Pattern Primer – Burda #127

Before I start talking about fabric, shopping and what you’ll need for trouser making we need to get some things straight with Burda #127. Burda magazine patterns are a bit different from the Big 4 commercial patterns. I’ve decided to go through it step by step with you just in case you’ve never worked with one before.

First off let’s determine the size you’ll need. Burda mag’s size chart is located here on the Burda Style website. Please be aware that the pattern sizes correspond with your waist measurement and the measurement is taken in centimeters but on the size chart they show both measures, centimeters and inches. (Please see this post as the size chart that Burda Style points to is completely wrong) OK. HOLD EVERYTHING. Before you just go cutting this out, for this sewalong, we’re going by the your HIP measurement and not your waist. It will make the fitting process much easier. Ok? Ok. So, take your hip measurement, find the waist size that corresponds with your hip measurement (even if it’s not your actual waist size) and that is the size that you’ll cut. Whew… Close call folks.

One more thing you’re going to encounter. I was looking at the size chart and determining my size. I’m Burda hip size 40 1/4 centimeters. The waist measurement, in centimeters, for this size is 77. Looking at the pattern, my size is ummmm….not there. There is a 76 and an 80, but no 77. What to do? Go with the size that is closest to the measurement size. In this case I’ll be going with a 76. But wait, what if you are perfectly in the middle of these sizes. I mean, what if I was a 78. Oh NO! It’s ok. I’m going to tell you to go with the smaller size as these pants have a good amount of wearing ease. However, if you are going to work with pants that don’t have alot of wearing ease, like jeans, go with the bigger size. Sound good? Good.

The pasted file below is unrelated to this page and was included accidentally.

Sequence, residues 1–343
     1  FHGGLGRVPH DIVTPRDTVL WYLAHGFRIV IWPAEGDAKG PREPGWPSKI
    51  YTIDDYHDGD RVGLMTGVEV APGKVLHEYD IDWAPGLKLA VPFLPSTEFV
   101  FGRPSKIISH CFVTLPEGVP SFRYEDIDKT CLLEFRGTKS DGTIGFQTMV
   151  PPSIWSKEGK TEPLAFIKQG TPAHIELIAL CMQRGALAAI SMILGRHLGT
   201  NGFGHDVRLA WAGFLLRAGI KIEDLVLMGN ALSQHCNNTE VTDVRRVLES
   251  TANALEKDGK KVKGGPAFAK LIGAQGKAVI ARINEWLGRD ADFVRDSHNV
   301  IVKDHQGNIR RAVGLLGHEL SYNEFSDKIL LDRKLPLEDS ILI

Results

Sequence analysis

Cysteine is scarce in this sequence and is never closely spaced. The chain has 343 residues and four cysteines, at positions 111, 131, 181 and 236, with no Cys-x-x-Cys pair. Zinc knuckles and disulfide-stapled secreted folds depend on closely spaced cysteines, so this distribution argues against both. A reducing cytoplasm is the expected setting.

Second, we need to get the pattern to a point of being able to cut right? Right. For those of you who have the magazine, there is a big piece of paper in the middle of the mag and it contains all the pattern pieces for every single pattern in your magazine. It’s kind of a jungle looking at it. However there should be a cheat sheet in the magazine that will help you decipher which pattern pieces you’ll need and where they are on the sheet. Then you’ll need to trace your size onto a separate piece of paper. I find that using sheets of tracing paper, my favorite brand is here, and using a japanese hera is the best way for me. You can also use a tracing wheel too. Trace your size onto a large sheet of paper – freezer paper or butcher paper are great for this. And just for your viewable enjoyment, I did a flickr search on tracing patterns. For those of you who have done this before please take a look at this and this while you are alone and can really laugh out loud.

For those of you using the downloadable version from Burda Style, you’ll need to print out all the pages, cut off the excess printless edges of the paper and begin taping the pieces of paper together. You should end up with a big sheet of taped together pages that form the pattern pieces. Yay!

Dressmaking Ruler image courtesy Sew Moni LOVE